Most people know me as the coach who doesn’t advice no contact or the coach who encourages exes to stay friends and slowly work towards getting back together. I get a lot of negative attention for my “not so popular” views and approach on how to get back with an avoidant ex. And every once in a while, someone asks me “what is your success rate for people who get back with their ex?”
I talk to 8 – 10 clients in one single day, and my success rate over the years has shown the percentage to be at roughly 70 – 75 percent.
A success rate of 70-75% doesn’t look like much but considering that credible independent studies estimates the percentage of exes who got back together as roughly 35-50 percent, 70-75% is actually pretty impressive especially given the fact that of the 70-75% of my clients who got back their ex, about 90 – 95 % got back together and stayed together. One reason for this is that my goal is not just to get your ex back, my goal is for you to stay together. There is no point is working so hard to get back together not to mention spending hundreds of dollars just to get back together and break up again. I want all the work we both put in together and the money you spent to mean something and be worth it.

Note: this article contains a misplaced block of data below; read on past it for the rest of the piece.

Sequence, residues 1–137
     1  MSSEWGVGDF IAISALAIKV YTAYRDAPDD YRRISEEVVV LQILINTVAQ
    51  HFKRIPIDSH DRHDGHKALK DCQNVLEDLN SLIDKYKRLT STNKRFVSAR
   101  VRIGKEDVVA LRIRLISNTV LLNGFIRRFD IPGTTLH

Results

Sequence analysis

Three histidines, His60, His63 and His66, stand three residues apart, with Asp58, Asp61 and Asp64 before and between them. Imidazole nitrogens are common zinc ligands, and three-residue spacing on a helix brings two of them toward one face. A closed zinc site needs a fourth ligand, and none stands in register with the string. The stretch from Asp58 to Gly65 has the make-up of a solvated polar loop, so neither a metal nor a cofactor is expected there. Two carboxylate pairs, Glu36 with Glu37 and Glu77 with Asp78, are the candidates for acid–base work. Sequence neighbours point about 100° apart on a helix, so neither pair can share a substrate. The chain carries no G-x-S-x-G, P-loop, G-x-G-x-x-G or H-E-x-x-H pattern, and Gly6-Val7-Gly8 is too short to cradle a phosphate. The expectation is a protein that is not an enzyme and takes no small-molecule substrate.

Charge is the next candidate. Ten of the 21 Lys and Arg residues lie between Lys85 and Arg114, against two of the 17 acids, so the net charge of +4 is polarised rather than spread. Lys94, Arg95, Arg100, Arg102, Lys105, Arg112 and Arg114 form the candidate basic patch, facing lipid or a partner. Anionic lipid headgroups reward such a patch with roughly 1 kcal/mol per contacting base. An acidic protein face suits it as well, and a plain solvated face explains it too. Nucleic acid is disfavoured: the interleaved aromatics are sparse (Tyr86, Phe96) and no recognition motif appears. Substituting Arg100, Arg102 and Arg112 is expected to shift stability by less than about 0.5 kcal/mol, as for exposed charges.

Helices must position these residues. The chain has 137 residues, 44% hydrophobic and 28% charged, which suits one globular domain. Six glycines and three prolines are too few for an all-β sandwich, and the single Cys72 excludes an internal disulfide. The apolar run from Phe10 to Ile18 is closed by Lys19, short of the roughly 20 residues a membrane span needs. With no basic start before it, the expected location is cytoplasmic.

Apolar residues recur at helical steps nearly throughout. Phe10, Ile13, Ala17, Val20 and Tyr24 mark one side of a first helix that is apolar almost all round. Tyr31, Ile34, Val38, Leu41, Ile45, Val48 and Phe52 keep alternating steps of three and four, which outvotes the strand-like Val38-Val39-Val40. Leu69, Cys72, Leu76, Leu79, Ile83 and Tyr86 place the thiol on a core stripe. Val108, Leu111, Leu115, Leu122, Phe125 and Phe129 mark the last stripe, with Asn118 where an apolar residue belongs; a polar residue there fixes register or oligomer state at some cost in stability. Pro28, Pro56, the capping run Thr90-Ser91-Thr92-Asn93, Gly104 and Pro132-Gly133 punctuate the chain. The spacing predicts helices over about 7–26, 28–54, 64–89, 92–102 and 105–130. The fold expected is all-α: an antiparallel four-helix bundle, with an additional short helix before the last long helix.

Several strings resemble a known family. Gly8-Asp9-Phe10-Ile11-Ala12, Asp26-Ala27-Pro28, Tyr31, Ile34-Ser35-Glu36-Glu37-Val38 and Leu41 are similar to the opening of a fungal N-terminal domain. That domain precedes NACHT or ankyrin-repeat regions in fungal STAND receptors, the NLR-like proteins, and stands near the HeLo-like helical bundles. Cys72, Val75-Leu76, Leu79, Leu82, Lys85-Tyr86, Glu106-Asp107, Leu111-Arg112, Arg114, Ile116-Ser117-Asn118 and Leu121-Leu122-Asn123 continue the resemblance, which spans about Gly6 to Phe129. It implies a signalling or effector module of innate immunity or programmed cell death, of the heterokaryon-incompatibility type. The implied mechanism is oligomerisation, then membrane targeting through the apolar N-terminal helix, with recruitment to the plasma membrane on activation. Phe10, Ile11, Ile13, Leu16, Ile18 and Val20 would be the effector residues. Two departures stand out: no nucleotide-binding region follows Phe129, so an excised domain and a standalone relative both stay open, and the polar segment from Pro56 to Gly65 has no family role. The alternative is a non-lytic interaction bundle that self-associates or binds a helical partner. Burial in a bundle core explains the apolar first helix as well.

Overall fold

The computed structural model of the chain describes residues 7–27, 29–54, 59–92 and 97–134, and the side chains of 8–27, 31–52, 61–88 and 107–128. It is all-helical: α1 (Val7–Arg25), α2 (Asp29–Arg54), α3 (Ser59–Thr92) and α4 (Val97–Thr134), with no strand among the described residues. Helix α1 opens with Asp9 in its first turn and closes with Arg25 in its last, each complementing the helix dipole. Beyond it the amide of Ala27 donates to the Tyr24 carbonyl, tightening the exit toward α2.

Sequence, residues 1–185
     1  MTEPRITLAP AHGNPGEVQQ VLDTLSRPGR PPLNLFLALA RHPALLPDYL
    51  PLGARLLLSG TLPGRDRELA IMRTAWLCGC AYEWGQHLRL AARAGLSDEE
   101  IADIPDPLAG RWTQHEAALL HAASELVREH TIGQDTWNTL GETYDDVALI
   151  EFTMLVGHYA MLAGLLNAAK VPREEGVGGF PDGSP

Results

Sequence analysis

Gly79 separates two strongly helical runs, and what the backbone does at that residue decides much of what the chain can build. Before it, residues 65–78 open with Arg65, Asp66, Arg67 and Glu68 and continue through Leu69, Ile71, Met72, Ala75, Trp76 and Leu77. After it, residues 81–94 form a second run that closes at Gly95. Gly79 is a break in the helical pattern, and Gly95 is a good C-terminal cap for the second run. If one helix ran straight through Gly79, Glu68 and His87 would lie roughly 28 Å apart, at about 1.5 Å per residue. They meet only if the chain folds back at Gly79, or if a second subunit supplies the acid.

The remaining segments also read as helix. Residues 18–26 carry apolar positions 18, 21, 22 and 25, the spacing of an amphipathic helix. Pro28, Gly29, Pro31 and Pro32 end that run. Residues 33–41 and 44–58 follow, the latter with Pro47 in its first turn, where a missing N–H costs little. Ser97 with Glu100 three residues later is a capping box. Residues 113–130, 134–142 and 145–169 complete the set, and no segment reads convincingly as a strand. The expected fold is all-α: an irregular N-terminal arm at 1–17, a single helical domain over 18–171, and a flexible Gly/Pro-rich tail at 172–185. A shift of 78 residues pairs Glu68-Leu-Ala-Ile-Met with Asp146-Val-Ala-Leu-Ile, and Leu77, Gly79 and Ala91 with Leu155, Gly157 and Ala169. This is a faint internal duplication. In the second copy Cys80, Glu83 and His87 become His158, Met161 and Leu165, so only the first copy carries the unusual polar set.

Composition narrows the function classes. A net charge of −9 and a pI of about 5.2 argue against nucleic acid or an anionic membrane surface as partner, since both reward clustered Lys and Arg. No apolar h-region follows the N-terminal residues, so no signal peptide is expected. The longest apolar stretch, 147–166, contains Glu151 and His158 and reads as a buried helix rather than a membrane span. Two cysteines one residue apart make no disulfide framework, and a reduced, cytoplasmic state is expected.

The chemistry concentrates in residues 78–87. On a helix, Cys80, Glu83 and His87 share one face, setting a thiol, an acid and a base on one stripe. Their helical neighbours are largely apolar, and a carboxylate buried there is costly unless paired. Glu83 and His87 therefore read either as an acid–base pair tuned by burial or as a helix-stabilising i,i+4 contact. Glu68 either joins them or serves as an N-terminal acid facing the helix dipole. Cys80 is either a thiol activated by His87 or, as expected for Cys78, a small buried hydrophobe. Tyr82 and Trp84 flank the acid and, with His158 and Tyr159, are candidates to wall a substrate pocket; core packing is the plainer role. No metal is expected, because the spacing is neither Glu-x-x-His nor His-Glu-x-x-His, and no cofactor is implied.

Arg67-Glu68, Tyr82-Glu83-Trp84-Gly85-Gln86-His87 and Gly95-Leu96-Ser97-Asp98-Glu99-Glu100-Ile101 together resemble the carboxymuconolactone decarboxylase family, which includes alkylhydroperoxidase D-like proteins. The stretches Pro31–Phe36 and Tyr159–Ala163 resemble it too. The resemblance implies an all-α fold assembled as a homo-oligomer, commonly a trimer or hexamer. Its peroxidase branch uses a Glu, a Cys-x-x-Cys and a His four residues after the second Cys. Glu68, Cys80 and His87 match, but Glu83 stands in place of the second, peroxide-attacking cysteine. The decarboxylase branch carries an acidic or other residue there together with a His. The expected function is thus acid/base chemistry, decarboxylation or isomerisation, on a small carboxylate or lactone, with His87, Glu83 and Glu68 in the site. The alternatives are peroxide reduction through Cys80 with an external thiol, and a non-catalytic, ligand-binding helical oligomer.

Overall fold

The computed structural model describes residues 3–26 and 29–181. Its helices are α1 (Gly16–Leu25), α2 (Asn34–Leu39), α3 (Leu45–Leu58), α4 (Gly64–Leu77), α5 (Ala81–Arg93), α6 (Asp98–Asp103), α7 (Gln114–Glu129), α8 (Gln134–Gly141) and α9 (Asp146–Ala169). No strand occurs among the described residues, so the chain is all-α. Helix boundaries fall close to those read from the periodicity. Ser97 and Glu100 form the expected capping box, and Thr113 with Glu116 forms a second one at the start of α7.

I suspect my success rate is much higher but I’m not going to exaggerate numbers just to impress you. The reason I say my success rate could be together is because some clients don’t write back to tell me they got back together with their ex. Some of them don’t want to jinx the relationship and others want their privacy (rightfully so). I’ve had clients come back 5 -15 years later to tell me they got back their ex (thanks to my advice), and some even got married, had kids and divorced. They were seeing someone new, they broke up, and they need my help again because my advice worked the last time.
There may already be things working in your favour